[Note: On Christmas Day 2007, both Doctor Who and EastEnders achieved a 50%+ Audience Shares, something Doctor Who repeated at Christmas 2008. Just to illustrate how unusual that is, those was just the fourth and fifth occasions during the entire TV year of 2007 that any show broke the 50% barrier.]

In blunt terms - in relation to drama at least - anything with an audience share at or above 30% is normally considered a certified 24-carat success within the industry. Doctor Who writer Matt Jones - who has worked extensively within TV production over the last few years - has noted that on any occasion when a programme achieves an audience share of above 30% “champagne corks will be popping in the production office.”

To date, the lowest audience share that any Doctor Who episode has achieved since it returned to the BBC in March 2005 was 25% for one episode in 2008. Most Doctor Who episode audience shares have been closer to 35 – 40% which are truly extraordinary figures for this day and age.

- So, the audience share is more important than the ratings?
No. They’re both important figures. But, when taken together, they tell a much more accurate story than separately.

- So why don’t the BBC put Doctor Who on during the winter, it would surely get higher ratings that way?
It possibly would but that’s not, necessarily the BBC’s main objective.

This is a tricky subject to discuss dispassionately because most people on this forum approach scheduling with a, somewhat faux-naïf emotional head on rather than a more logical approach:

To be blunt, there IS – quite clearly - a finite audience for Doctor Who. It’s about thirteen million people. 'Voyage of the Damned' and 'The Next Doctor' have proved that. There are a lot of people out there in audienceland who wouldn't watch Doctor Who if it was on opposite The News in Welsh and all the other TV stations closed down early to make way for it.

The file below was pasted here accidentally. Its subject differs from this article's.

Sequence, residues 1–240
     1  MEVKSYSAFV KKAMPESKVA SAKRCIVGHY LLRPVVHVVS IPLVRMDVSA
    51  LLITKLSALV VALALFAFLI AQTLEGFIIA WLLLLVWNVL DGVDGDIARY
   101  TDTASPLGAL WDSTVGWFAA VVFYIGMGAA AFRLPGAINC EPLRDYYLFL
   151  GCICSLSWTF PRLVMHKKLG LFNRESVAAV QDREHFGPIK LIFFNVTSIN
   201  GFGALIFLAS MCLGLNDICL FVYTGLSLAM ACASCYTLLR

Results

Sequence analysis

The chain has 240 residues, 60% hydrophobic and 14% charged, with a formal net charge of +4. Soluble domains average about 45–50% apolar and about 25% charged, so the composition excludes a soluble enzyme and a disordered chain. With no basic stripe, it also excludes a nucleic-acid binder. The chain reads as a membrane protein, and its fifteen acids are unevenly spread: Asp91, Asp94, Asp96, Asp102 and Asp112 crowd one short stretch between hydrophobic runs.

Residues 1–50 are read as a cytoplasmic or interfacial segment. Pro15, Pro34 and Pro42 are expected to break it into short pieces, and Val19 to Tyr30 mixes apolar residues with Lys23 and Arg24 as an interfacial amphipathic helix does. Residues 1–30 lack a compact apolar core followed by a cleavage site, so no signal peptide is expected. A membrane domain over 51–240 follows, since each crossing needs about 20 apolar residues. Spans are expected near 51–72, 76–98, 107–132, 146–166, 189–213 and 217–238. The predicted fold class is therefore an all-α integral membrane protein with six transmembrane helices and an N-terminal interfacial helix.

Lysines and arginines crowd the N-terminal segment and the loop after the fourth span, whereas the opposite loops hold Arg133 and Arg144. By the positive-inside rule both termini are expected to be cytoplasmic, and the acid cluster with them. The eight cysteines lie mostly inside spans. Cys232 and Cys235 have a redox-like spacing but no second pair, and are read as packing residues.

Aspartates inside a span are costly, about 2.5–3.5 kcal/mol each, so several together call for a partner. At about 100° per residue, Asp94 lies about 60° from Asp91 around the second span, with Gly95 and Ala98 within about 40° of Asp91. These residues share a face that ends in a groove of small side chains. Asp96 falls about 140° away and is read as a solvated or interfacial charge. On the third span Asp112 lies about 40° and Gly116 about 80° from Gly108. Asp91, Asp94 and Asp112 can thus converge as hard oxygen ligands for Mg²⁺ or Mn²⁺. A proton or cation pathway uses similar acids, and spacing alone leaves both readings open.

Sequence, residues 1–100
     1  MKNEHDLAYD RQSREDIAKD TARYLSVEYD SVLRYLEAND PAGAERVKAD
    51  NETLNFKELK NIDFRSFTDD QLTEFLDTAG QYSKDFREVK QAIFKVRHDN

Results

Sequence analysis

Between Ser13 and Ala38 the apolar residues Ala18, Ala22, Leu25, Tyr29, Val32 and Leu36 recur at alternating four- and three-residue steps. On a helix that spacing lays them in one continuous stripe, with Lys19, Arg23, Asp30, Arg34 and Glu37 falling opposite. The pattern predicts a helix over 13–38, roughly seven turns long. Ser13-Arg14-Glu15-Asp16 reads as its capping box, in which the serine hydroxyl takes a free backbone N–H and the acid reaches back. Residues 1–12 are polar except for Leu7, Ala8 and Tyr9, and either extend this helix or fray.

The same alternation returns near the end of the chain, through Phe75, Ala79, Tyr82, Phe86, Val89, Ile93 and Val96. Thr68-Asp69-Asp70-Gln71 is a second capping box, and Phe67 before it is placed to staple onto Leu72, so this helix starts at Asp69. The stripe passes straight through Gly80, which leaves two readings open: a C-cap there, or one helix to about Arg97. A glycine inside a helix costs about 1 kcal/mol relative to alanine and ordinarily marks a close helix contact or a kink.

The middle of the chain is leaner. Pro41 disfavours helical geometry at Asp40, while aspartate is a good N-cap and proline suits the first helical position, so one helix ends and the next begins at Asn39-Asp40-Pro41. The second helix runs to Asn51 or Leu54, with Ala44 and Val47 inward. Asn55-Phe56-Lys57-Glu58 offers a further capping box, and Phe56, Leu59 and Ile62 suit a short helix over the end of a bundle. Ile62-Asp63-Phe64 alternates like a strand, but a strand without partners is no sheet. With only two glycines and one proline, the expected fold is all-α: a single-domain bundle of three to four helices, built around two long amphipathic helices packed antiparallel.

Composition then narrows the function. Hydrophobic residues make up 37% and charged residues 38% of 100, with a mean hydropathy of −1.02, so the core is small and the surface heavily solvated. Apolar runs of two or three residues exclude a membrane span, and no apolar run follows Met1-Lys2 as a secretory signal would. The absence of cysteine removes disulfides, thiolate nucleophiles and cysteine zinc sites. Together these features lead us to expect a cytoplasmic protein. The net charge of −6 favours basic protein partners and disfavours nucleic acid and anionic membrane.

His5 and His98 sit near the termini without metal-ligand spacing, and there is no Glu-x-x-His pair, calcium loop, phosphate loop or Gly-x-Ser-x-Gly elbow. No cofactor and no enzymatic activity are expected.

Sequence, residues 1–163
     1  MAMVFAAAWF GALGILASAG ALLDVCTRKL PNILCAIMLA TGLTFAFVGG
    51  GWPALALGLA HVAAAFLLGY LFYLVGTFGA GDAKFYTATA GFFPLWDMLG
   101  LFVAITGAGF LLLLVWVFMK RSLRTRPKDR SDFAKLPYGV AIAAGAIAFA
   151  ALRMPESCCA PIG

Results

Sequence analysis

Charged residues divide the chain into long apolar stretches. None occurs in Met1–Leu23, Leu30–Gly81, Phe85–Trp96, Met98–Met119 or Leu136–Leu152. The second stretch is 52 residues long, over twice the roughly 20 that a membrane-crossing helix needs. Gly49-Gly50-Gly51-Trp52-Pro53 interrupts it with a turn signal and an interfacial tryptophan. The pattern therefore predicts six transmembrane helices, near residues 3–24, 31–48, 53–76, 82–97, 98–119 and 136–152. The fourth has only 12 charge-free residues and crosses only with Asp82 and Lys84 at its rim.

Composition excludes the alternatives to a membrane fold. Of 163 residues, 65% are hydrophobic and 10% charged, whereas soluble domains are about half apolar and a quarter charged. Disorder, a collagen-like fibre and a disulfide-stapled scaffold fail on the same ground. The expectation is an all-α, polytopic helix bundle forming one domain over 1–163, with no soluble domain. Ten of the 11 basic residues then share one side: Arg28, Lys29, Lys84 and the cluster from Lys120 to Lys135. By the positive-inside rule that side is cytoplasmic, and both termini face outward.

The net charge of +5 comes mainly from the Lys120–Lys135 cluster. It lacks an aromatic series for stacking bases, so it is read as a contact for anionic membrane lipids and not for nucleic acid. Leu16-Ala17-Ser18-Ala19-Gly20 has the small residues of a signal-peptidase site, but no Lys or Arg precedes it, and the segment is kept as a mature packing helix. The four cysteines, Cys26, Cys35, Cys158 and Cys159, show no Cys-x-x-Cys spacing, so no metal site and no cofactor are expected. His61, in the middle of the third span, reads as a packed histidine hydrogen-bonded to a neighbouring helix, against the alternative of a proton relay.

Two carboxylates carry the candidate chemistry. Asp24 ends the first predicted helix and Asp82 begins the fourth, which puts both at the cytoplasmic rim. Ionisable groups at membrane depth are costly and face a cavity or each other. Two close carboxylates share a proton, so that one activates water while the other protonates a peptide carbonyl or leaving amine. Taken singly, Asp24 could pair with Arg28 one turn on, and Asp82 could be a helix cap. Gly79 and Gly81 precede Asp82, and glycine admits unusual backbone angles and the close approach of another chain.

The argument for putting the show on during the winter seems to run something like this: "If we're getting eight million in April and May imagine what we'd be getting in January." If we're completely honest, we'd probably still be getting about eight million!

Whilst Doctor Who is one of the most important things in the world to us lot, it's ONLY ONE SHOW to the BBC (albeit, a very successful and profitable one). The BBC could - in theory - move Doctor Who to January and possibly put another million on the audience. We’ll ignore, for a moment, the utter logistical nightmare of having to change productions dates to accommodate such a move.

But, from the BBC's point of view the equation is a complete no-brainer. They have a show that is doing fantastically well - in a traditionally very-hard-to-do-well-in slot. Do the BBC move Doctor Who to earlier in the year with no obvious replacement for its current slot? Or, do they leave it exactly where it is and hope they get the same result next year?